The Seagate personal cloud home media storage device is a solution to a variety of little problems that I didn’t know I had. My home computer network is a collection of separate devices, each its own data fiefdom. The photos on my phone sit on there until I eventually get around to plugging it in to my laptop to transfer them. Or, as is often the case, I decide it’s too much bother and I leave my phone’s SD card packed full of unsorted pictures. And the less we talk about my computer backup routine (or total lack thereof), the better. I had grown accustomed to the process of manually moving files from one place to the other. It’s an arrangement that really cries out for a network attached storage (NAS) but I stuck with the status quo because I thought the alternative would be an irritatingly complex solution to set up. With that in mind, I reluctantly pulled the Seagate Personal Cloud home media storage device out of the box, bracing myself for a set-up ordeal.
Easy Set-Up and Configuration
The first surprise? No printed manual. I know that the trend has been to provide robust digital or online documentation, but I still expected more than foldout pictorial quick start guide. This isn’t a knock against the provided printout, which did the job of demonstrating the physical setup steps. Once the hard drive had initialized (a process that took around 10 minutes), the device was visible on the network. Clicking on the drive automatically brings you to the browser-based administration page, which was a nice touch.
The basics of configuration were straight forward and without any surprises. With my primary user account fully configured, it was time to test it out.The Seagate Personal cloud home media storage device offers a wide array of features. First and foremost, it’s an external hard drive for centralized file storage. As storage devices go, it was up to the task. I threw my 30+ GB music library over to the drive and accessed it with my PC, streamed it through my Xbox One, and browsed it on my android phone using the Seagate Media app. The list of compatible streaming solutions is impressive: the personal cloud can stream to iTunes, chromecast, Samsung and LG smart tvs, mobile devices running the Seagate Media app and all DLNA enabled devices. The files stored on the drive can be accessed remotely via the Seagate Access service, as well as on your local network.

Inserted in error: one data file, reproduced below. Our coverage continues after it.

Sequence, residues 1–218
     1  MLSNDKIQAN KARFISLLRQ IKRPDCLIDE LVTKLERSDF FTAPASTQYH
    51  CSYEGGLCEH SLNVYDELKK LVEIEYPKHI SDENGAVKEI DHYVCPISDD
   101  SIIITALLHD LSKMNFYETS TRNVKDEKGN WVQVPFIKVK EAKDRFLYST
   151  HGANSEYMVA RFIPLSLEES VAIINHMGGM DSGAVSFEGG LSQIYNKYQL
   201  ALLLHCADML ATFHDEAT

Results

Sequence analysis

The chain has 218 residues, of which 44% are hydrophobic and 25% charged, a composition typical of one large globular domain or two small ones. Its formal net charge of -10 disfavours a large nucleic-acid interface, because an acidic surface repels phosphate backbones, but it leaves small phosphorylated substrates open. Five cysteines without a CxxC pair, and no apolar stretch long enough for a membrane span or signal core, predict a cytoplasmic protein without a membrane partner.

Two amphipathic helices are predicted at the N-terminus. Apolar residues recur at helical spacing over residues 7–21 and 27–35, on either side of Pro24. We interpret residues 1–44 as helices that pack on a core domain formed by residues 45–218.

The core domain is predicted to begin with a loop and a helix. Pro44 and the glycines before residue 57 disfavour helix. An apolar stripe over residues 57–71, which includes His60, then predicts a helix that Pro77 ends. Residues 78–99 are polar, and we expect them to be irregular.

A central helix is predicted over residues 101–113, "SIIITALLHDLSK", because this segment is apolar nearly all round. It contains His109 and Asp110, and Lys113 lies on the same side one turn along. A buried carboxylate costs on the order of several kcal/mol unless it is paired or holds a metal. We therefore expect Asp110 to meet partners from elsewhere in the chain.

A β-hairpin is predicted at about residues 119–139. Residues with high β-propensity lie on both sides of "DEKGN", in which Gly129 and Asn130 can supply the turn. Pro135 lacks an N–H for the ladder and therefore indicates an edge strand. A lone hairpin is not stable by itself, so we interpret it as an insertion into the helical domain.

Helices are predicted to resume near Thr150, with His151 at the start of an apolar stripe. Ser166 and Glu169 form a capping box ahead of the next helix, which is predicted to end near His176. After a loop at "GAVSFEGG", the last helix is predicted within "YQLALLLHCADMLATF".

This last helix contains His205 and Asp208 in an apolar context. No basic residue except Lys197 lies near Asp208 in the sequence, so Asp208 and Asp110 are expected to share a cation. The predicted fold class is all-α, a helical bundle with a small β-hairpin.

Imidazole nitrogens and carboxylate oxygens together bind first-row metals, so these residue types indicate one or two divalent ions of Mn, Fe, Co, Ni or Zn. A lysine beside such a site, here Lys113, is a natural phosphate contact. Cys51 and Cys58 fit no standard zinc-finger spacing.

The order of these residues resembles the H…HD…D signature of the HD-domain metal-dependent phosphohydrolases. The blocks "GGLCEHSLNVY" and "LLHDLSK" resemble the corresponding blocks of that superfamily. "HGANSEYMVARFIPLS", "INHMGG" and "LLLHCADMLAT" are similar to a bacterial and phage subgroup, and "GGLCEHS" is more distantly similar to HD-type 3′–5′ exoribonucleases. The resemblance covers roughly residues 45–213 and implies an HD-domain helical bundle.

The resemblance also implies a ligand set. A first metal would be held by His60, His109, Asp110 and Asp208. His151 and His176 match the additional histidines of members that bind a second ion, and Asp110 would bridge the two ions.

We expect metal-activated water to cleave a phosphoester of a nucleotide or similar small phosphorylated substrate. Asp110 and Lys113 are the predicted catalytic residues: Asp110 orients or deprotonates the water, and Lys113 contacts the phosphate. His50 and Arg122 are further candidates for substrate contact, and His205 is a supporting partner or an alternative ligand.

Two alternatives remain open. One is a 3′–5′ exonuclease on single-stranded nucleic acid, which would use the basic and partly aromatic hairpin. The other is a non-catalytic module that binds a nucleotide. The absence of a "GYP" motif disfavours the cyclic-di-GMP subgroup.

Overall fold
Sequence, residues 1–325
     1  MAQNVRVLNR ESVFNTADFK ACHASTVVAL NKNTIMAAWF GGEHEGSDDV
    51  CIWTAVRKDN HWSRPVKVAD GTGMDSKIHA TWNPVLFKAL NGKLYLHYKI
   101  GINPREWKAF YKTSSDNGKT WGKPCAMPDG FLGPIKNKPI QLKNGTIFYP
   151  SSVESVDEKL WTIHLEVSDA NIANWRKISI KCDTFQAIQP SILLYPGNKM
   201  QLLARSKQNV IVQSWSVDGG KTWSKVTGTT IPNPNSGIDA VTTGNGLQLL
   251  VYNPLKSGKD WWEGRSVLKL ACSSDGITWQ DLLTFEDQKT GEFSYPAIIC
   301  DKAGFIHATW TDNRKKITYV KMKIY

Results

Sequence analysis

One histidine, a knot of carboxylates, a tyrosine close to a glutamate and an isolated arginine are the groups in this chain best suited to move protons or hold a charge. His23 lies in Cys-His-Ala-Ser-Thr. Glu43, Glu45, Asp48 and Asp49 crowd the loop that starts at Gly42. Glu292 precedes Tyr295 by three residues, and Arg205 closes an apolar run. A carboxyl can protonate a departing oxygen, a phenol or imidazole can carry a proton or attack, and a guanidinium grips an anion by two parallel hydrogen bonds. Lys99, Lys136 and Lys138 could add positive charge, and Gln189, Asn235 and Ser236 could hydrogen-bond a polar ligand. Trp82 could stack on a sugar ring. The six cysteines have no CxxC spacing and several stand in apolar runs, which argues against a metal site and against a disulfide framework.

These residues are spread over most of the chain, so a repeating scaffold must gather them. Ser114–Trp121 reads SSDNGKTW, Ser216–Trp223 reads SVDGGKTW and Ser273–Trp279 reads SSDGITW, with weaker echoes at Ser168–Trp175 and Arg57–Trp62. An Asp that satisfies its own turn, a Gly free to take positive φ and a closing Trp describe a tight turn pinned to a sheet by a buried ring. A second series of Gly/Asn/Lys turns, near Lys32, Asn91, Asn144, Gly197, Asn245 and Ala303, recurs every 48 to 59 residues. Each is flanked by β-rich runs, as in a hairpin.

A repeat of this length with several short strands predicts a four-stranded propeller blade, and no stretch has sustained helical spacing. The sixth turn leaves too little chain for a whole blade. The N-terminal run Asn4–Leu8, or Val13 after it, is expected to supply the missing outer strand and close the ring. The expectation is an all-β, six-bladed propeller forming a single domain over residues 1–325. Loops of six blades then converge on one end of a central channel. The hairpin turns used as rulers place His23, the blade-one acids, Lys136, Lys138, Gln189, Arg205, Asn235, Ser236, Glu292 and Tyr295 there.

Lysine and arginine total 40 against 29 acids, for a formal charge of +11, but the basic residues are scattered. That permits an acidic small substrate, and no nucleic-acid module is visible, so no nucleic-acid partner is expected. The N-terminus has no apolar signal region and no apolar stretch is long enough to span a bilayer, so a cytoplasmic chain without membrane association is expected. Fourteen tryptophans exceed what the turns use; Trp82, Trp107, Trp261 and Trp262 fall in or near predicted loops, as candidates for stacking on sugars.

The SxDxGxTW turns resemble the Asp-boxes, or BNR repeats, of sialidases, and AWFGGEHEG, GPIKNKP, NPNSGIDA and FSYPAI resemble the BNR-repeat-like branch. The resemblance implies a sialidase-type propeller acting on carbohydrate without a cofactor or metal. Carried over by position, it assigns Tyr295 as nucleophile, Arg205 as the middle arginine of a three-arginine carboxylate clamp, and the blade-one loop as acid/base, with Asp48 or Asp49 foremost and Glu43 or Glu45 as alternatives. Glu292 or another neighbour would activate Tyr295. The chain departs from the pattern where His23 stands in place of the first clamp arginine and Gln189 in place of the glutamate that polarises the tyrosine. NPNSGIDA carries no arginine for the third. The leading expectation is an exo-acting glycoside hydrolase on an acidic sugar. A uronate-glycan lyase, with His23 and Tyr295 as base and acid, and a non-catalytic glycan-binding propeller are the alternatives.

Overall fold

You can easily create user accounts and restrict the access granted to that account, so no one sees anything they shouldn’t see. No one wants young Johnny to ‘accidentally’ start streaming a terrifying R-rated horror movie for his friends huddled around his laptop. It’s remarkably easy to set up a remote user account as well, which opens the door to more flexible file sharing for collaborative projects. A real selling feature for the work from home crowd, or for sharing family photos and movies with mom and dad back home.
Data Backups and Social Media Syncing